Sudden Blood Pressure Drop Not an Early Marker of Parkinson’s, Study Finds

Sudden Blood Pressure Drop Not an Early Marker of Parkinson’s, Study Finds
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Orthostatic hypotension, a sudden drop in blood pressure when changing positions, can significantly affect both function and quality of life for people with Parkinson’s disease. However, this non-motor symptom — typically attributed to later disease stages — is not associated with an increased risk of Parkinson’s and as such is not an early marker of the neurodegenerative disease, a study has found.

Published in Movement Disorders, the study is titled “Orthostatic Hypotension: A Prodromal Marker of Parkinson’s Disease?

The symptoms of orthostatic hypotension — which is characterized by the inability to maintain adequate blood pressure and flow to the brain upon standing — include dizziness, lightheadedness, fatigue, and blurred vision. These can add to the other symptoms of Parkinson’s.

A rare subtype of the condition, called neurogenic orthostatic hypotension, is caused by the impaired release of the signaling molecule norepinephrine upon standing. That malfunction is due to an impairment of the autonomic nervous system, which regulates functions such as the heart and respiratory rate or digestion. Such impairments are often associated with an underlying neurodegenerative disorder, such as Parkinson’s.

“Determining whether orthostatic hypotension should be considered a prodromal [early] marker of Parkinson’s is important because prodromal markers allow earlier recognition of Parkinson’s and could help to identify individuals eligible for neuroprotective trials,” the researchers wrote.

To learn more, the team of scientists, from the Erasmus MC University Medical Center, in the Netherlands, now investigated the association between Parkinson’s and orthostatic hypotension in 6,910 participants from the first cohort (group) of the Rotterdam Study, a large population-based study initiated in 1990.

The main goal was determining whether orthostatic hypotension was related to having Parkinson’s.

The researchers followed Parkinson’s-free participants for the occurrence of the disease until 2016, and then studied the association between orthostatic hypotension and the risk of Parkinson’s. Data was analyzed using statistical models adjusted for age and sex.

At the study’s start (baseline), among participants who underwent orthostatic hypotension examination, 6,237 had no prevalent Parkinson’s (mean age of 68.9 years, 59.2% women ).

The 62 participants (1.0%) who had Parkinson’s at baseline were older (mean age 77.4 years) and included relatively fewer women (56.5%). On average, the Parkinson’s patients were 73.5 years at diagnosis, and were diagnosed 3.7 years before the orthostatic hypotension measurement.

Orthostatic hypotension was present in 1,220 participants without Parkinson’s (19.6%) and in 25 individuals (40.3%) with the disease. Parkinson’s patients were significantly more likely to have orthostatic hypotension (by 88%) and early orthostatic hypotension (by 86%) than those without the disease. However, the association between Parkinson’s and neurogenic orthostatic hypotension was not statistically significant.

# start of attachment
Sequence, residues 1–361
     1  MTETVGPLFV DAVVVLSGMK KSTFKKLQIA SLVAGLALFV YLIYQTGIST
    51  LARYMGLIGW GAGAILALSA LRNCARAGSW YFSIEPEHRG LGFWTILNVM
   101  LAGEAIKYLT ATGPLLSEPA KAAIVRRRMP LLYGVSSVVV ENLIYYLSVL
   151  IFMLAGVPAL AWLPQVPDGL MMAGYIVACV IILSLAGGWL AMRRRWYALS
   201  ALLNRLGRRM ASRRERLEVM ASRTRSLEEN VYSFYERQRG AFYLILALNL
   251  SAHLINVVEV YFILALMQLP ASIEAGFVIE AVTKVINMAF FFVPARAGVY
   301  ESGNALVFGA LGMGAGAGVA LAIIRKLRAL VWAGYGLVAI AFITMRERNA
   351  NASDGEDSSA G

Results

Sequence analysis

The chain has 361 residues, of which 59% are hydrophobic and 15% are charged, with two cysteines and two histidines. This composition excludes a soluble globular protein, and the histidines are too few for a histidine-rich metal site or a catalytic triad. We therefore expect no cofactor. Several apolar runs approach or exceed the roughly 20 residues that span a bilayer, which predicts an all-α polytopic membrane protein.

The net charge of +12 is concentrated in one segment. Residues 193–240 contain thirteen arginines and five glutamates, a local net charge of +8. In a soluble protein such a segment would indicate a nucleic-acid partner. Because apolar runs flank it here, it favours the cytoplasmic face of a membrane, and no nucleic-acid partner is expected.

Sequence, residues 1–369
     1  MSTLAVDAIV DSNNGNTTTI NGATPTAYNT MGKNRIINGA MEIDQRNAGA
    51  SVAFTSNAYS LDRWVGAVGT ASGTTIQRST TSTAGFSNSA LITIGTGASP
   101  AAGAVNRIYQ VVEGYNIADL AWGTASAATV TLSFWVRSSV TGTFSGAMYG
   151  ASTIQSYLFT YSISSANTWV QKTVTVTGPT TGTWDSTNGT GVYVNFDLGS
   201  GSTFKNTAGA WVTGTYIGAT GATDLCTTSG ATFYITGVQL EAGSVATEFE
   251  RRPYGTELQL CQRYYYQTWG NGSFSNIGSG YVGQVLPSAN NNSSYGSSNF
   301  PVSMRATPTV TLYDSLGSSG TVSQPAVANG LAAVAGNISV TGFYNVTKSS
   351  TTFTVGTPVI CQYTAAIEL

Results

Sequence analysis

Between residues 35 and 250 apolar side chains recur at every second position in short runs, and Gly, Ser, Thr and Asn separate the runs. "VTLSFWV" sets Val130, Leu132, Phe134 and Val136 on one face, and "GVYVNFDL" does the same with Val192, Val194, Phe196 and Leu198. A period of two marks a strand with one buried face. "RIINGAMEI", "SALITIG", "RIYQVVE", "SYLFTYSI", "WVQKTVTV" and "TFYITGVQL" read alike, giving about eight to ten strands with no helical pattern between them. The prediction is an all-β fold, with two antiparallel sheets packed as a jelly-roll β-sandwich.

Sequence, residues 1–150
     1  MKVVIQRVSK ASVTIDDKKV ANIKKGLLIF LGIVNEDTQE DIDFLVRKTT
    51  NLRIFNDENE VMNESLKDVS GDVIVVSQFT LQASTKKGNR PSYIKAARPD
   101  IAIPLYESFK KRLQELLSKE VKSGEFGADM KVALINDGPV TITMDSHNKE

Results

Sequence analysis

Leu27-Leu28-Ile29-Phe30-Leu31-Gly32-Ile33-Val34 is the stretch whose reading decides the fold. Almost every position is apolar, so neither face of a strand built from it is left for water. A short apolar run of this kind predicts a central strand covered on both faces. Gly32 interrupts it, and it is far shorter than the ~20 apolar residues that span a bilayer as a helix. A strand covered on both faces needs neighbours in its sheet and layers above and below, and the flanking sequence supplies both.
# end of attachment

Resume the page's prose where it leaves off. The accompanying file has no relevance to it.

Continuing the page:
During long-term follow-up (a median of 16.1 years), 122 participants were diagnosed with Parkinson’s that had developed over the study’s course (mean age of 78.8 years at diagnosis).

The team found that the presence of orthostatic hypotension at the beginning of the study was not associated with an increased risk of developing Parkinson’s. Also, there was no association between neurogenic, early, or delayed orthostatic hypotension at baseline and the risk of Parkinson’s.

There was an increased risk of death in those with orthostatic hypotension and neurogenic orthostatic hypotension compared with individuals without sudden blood pressure drops when standing, the researchers found.

When the team repeated the analysis with different cutoffs for follow‐up time — five, 10, and 15 years — the results remained the same.

“Our study suggests that orthostatic hypotension is common in patients with [Parkinson’s], but that orthostatic hypotension is not associated with an increased risk of Parkinson’s and thus is not a prodromal [early] marker of [Parkinson’s] in the general population,” the researchers concluded.

Diana holds a PhD in Biomedical Sciences, with specialization in genetics, from Universidade Nova de Lisboa, Portugal. Her work has been focused on enzyme function, human genetics and drug metabolism.
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Ana holds a PhD in Immunology from the University of Lisbon and worked as a postdoctoral researcher at Instituto de Medicina Molecular (iMM) in Lisbon, Portugal. She graduated with a BSc in Genetics from the University of Newcastle and received a Masters in Biomolecular Archaeology from the University of Manchester, England. After leaving the lab to pursue a career in Science Communication, she served as the Director of Science Communication at iMM.
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Diana holds a PhD in Biomedical Sciences, with specialization in genetics, from Universidade Nova de Lisboa, Portugal. Her work has been focused on enzyme function, human genetics and drug metabolism.
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